Norman C. Francis Knocks Jefferson Davis Off the Block: A Street Renamed
|Aug 21, 2020|
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My wife Leslie and I often troll each other about our respective HBCUs. I am an alumnus of Southern University and A&M College, the only HBCU that has its own system of schools and home to the legendary “Human Jukebox” Marching Band. Leslie is an alumnus of Xavier University of Louisiana, an HBCU that consistently ranks in the top five of all HBCUs in the nation and home to a world-renown school of pharmacy.
I brag about the football team that Southern has that Xavier does not. Leslie brags about Xavier’s academic prowess. We both acknowledge the assets each other’s respective alma maters have to offer, and our pride in being educated by Black institutions that made a way for generations of Black folks to be educated far surpasses our in-house rivalry.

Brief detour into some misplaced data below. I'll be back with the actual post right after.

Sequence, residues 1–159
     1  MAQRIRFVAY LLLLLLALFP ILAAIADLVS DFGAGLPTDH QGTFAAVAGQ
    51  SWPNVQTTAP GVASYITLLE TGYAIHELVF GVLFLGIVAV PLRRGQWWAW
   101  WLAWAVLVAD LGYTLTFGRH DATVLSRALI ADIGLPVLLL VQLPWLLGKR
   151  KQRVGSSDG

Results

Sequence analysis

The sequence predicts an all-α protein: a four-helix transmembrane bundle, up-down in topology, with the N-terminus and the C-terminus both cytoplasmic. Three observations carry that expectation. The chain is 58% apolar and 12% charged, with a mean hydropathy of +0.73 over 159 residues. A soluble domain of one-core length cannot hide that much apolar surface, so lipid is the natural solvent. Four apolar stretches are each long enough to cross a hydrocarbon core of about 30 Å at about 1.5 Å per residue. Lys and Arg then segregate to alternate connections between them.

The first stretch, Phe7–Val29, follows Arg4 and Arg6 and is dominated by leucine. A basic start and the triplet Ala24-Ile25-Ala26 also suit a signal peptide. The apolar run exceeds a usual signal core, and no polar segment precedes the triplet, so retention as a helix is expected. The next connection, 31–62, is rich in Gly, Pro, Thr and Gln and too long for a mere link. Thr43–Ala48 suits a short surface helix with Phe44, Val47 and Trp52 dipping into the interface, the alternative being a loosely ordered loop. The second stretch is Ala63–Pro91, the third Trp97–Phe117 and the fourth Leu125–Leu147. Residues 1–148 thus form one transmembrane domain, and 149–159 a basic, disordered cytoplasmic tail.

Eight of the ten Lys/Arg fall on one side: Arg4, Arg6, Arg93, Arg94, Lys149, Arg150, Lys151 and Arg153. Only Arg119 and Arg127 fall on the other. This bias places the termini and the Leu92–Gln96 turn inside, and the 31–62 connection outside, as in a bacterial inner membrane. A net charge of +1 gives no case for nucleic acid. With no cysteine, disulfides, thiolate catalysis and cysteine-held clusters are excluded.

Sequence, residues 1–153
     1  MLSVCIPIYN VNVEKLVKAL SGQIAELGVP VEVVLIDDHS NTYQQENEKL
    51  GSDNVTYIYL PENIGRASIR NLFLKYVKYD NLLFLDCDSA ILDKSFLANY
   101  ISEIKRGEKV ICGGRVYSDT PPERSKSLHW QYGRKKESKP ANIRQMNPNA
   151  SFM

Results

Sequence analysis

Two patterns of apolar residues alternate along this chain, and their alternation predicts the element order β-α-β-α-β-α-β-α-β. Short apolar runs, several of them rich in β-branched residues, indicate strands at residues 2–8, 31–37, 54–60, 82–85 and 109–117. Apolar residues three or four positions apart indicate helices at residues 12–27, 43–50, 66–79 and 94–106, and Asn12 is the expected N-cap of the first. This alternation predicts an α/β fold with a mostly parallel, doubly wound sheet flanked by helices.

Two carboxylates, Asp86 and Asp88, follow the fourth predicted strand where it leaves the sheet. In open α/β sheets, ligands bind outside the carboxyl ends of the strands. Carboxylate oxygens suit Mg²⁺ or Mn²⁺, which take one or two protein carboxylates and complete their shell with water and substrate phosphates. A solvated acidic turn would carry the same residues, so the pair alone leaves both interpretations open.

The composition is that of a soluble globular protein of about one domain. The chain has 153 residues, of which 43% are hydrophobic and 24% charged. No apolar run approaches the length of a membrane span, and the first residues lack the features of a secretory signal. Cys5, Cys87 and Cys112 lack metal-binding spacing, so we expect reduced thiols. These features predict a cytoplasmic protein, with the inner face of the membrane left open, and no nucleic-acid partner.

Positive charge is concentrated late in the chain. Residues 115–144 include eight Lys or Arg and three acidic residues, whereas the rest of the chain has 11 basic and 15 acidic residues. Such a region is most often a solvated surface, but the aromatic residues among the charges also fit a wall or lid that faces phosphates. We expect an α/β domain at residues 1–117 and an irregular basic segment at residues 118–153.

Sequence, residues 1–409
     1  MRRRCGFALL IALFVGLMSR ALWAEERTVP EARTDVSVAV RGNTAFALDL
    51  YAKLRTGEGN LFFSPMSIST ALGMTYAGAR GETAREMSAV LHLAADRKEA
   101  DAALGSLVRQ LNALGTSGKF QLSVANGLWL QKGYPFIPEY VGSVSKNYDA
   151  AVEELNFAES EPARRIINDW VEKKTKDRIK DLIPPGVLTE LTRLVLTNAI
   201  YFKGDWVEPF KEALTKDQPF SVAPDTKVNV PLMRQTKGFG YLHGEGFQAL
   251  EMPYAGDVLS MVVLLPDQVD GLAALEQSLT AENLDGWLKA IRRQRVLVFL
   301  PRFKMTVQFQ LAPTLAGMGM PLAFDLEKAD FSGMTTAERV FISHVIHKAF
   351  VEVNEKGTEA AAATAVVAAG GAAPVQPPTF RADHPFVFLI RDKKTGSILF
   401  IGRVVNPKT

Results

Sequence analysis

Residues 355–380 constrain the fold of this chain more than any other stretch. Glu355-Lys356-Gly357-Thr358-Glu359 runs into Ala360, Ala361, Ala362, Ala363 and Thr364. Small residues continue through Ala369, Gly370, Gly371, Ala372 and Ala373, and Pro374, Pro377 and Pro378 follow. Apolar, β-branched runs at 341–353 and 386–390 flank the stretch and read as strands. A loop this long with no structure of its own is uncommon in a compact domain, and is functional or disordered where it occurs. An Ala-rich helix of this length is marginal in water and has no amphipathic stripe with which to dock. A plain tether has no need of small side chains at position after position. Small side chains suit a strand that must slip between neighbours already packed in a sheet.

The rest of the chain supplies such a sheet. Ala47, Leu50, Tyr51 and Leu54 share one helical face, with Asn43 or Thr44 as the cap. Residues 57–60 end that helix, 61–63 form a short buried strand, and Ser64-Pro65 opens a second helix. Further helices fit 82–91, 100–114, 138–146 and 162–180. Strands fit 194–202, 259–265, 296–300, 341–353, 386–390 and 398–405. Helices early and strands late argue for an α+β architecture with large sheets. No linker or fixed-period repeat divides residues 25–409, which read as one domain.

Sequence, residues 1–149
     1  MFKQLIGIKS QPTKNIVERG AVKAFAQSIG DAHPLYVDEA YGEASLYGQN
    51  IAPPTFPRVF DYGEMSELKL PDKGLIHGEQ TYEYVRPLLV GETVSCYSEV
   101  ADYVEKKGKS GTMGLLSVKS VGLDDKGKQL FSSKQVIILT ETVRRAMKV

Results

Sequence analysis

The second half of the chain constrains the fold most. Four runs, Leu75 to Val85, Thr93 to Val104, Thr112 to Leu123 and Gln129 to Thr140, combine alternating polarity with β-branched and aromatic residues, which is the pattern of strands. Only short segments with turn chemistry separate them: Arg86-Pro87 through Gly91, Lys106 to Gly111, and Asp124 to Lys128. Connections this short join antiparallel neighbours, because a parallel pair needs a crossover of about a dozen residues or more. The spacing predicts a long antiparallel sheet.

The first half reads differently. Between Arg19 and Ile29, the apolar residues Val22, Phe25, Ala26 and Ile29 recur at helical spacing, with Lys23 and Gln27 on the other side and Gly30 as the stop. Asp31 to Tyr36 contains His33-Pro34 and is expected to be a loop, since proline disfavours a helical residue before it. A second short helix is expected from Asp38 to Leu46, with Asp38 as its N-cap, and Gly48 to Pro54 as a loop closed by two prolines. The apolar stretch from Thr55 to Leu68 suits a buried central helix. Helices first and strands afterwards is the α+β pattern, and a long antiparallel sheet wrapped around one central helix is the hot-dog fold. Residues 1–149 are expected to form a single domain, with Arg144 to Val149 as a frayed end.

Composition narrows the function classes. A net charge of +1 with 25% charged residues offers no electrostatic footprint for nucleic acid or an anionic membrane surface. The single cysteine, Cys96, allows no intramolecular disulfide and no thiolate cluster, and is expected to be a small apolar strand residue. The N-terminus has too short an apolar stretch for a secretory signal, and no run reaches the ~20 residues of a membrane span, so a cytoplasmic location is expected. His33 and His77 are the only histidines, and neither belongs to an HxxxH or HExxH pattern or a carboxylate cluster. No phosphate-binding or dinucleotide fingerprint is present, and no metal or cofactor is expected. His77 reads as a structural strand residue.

I met Dr. Norman C. Francis, the man who served president of Xavier for 47 years, back in 2015 during their homecoming weekend when Leslie was receiving a 40 Under 40 alumni award. When I informed Dr. Francis that I was an SU alum, he took a slight jab at me until I reminded him he was wearing a blue and gold tie (Southern’s colors).
But alas, Dr. Francis has more than the last laugh when it comes to achievement, as the New Orleans City Council recently voted to rename one of its busiest streets after him.
The street formerly known as Jefferson Davis Parkway, president of the Confederate states, has been renamed Norman C. Francis Parkway. The official change will take place in January 2021.
The vote to rename the street received a unanimous 7-0 vote on the council and is reflective of the kind of work New Orleans organizations such as Take ‘Em Down NOLA has championed for years in the fight to remove racist iconography, landmarks and street names in the city.
Congrats to Dr. Francis. I hope he wears a gold and white tie (Xavier’s colors) if there is a public renaming ceremony, as it was his legacy in presiding over such a dynamic institution of higher learning that made it all possible.